They go to get the next instrument back from a bemustached Alice Cooper. His lair is a surreal Dali-esque place. Alice sings a cool but incoherent song.

Well, they get the rest of the instruments back, so the Future Villain Band has no choice but to kidnap Strawberry Fields. Peter Frampton is very upset by this. So, our flab four run off to the rescue. They confront the Future Villain Band in an oversize set of raised platforms and dollar signs. It makes both bands look like The Borrowers.

In the movie's only worthwhile scene, Aerosmith performs "Come Together." (You can hear this version on the Aerosmith Greatest Hits album. It rocks, real dark and brooding.) Unfortunately, this filming took place right during the band's heyday of drug use, better known as the 70's. They are totally fried, and you can see it. In fact, during shooting someone on the crew said "Get those drunks off my set!" before realizing they were in the movie. The look in Steven Tyler's eyes during a closeup was priceless. Also, Joey Kramer on drums looks like he's about to fall over and eat his snare drum. The drumsticks look like they were very heavy. The song crescendos, Steven Tyler and Strawberry Fields struggle atop a high platform, and Ms. Fields falls to her death. Frampton rushes up and returns the favor. You see Steven Tyler at the bottom, lying facedown. It was probably the easiest acting he did. The rest of the band just kind of leaves.

Our Hanson-esque boys return to the movie's first scene. Frampton is incredibly upset at having lost his girl. He gets up on a roof and contemplates jumping. (Note: At this movie?s first ever screening by critics, the critics all yelled "Jump! Do it!") In the high point of the movie, he does.

However, that damn weathervane starts spinning and uses the wind to gently lift him to the ground. It then comes to life, as a brother in a yellow marching band suit with a trumpet. He floats down to the ground. You can see the strings big time. He sings "Get Back" and uses the funk to lift everyone's spirits wit da soul.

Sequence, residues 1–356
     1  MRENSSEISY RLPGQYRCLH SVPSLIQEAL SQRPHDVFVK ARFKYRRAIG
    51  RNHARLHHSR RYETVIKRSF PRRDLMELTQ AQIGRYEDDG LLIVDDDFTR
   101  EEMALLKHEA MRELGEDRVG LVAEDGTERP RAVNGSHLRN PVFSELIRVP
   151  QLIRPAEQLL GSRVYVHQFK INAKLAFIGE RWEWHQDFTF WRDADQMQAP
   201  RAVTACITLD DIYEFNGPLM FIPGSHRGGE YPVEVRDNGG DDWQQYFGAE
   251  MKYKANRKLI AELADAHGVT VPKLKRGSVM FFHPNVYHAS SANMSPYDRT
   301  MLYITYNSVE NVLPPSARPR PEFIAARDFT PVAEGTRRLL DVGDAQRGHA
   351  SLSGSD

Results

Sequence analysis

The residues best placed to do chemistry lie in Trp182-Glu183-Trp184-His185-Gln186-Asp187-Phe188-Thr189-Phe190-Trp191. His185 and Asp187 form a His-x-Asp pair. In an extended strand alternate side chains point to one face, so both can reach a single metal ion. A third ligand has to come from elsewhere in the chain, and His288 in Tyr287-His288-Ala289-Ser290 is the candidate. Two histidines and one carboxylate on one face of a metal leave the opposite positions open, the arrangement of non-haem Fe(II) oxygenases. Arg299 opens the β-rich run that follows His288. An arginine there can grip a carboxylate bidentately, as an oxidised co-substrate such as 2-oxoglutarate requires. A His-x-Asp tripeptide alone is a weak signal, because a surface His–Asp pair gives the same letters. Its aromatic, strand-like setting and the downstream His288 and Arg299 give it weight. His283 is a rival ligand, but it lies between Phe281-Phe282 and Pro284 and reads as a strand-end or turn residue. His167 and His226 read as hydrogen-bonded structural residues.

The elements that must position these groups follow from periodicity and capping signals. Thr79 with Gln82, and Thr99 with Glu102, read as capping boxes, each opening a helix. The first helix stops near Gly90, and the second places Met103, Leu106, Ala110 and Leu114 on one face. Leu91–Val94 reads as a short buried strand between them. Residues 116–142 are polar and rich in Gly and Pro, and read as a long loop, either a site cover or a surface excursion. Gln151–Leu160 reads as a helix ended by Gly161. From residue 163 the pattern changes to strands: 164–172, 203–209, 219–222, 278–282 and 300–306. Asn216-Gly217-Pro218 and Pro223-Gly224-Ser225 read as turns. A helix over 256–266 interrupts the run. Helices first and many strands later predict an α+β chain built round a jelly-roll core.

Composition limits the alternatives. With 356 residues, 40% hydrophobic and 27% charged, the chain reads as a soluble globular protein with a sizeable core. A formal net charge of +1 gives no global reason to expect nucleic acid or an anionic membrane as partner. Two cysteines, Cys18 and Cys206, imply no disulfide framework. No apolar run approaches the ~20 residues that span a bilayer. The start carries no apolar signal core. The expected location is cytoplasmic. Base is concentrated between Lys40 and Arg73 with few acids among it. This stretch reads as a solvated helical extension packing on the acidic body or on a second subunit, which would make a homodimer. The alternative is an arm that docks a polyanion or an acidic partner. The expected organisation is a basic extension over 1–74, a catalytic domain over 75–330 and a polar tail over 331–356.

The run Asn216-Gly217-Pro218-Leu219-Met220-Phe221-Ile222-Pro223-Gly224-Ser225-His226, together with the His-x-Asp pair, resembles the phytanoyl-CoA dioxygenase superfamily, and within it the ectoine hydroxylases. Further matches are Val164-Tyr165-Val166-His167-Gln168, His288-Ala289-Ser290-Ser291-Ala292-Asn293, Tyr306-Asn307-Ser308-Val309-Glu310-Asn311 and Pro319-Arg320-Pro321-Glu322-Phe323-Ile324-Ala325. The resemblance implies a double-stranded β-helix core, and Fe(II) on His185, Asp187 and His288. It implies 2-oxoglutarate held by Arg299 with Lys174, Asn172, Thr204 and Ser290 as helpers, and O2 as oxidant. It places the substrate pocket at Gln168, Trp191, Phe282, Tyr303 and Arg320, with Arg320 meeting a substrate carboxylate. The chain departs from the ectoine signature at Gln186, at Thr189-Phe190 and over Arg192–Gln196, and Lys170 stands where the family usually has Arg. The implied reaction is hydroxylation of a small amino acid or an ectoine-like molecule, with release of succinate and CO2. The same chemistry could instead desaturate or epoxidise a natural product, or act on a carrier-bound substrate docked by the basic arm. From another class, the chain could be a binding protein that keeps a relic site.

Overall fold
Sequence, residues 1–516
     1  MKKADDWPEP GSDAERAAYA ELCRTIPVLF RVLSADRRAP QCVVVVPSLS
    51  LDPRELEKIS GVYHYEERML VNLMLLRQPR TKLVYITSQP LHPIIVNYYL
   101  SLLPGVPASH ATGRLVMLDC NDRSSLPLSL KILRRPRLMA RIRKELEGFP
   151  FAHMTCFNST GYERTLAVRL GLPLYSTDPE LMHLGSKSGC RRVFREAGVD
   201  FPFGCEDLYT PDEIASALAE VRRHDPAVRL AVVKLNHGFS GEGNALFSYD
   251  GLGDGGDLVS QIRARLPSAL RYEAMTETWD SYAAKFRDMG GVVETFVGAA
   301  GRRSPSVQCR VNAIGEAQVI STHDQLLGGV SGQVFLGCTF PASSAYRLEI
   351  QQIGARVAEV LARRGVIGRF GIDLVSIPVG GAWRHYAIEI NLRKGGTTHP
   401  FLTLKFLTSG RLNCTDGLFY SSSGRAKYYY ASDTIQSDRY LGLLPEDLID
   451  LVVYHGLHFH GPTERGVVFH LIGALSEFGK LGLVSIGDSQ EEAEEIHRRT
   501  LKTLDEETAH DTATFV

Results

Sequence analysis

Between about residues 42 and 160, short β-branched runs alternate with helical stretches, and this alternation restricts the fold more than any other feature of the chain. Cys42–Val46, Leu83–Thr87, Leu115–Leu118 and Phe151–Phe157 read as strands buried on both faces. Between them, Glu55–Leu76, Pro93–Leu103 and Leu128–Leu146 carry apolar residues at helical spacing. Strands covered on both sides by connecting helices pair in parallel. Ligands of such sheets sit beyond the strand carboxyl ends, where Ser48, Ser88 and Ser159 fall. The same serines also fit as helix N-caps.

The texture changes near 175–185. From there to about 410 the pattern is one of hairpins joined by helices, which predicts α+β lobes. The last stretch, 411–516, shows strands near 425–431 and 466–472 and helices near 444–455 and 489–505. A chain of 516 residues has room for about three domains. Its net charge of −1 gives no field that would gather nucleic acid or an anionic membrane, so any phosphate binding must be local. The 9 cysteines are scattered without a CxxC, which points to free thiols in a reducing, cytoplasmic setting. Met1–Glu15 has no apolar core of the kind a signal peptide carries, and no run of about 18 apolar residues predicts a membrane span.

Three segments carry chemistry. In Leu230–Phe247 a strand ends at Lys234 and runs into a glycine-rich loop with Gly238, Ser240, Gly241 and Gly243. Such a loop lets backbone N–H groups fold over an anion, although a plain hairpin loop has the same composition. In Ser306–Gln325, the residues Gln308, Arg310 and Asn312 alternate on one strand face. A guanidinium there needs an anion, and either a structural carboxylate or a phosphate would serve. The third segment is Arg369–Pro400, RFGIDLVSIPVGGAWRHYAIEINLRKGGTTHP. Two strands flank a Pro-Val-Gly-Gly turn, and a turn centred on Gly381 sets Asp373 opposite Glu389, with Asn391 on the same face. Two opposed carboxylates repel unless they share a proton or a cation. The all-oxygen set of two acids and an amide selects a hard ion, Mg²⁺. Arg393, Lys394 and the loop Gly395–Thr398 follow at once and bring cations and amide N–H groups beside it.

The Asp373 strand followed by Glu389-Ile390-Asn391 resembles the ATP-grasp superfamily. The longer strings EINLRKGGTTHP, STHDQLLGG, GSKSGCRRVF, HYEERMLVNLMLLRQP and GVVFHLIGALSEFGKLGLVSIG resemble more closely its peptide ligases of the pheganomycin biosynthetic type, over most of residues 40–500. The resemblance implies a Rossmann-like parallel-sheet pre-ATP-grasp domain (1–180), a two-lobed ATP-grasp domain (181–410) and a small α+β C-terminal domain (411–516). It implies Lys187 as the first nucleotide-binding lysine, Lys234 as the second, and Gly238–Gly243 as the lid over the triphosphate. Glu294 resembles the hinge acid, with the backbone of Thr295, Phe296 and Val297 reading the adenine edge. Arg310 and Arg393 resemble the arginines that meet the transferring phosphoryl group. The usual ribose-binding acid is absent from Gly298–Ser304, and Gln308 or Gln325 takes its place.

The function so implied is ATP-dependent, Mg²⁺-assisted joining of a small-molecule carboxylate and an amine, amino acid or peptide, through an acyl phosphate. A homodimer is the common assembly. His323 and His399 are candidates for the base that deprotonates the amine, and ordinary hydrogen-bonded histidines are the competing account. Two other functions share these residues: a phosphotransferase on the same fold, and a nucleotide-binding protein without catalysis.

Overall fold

In the most unfair part of the movie (besides watching it all to see five minutes of Aerosmith), trumpet man makes Strawberry Fields come back to life and magically reappear in the scene. Great, so he knows the editing guys. He should have brought back Steven Tyler! They both died the same way, and he did a lot more for the movie. Well, the band is happy, the bad guys are all gone, and our trumpet man floats back up to the sky.

This movie was just incredibly bad. It was poorly produced and was nothing but pop culture of the time put on screen. Critics at the time described it as "rock 'n roll pretty boys mugging for the camera."

If you must watch this movie, please take the necessary precautions.

Scene to watch for: Lurch-esque assistant, driving truck, gets hit in the face by a dashboard-mounted boxing glove. Incredibly funny. Reminded me of the album cover for Pantera's "Vulgar Display of Power."

Best line: Steven Tyler: "He wear no shoe shine, he got...toe jam football, he got...monkey finger, he shoot...Coca-Cola, he say, I know know me. One thing I can tell you is you got to be free."

Things that make you go "Huh?": Weathervane comes to life and fixes everything wrong with the characters in five minutes by singing "Get back to where you want to go." Too bad he couldn't fix the plot. I?d like to Get Back to the video store so I could save my money to rent "Felicity Takes Manhattan" when it comes out.

Response From RinkWorks:

I'm always amazed at how all these rock bands can play their instruments when they're totally smashed on their illegal substance of choice. It totally boggles my mind that people who can barely walk can still play guitar.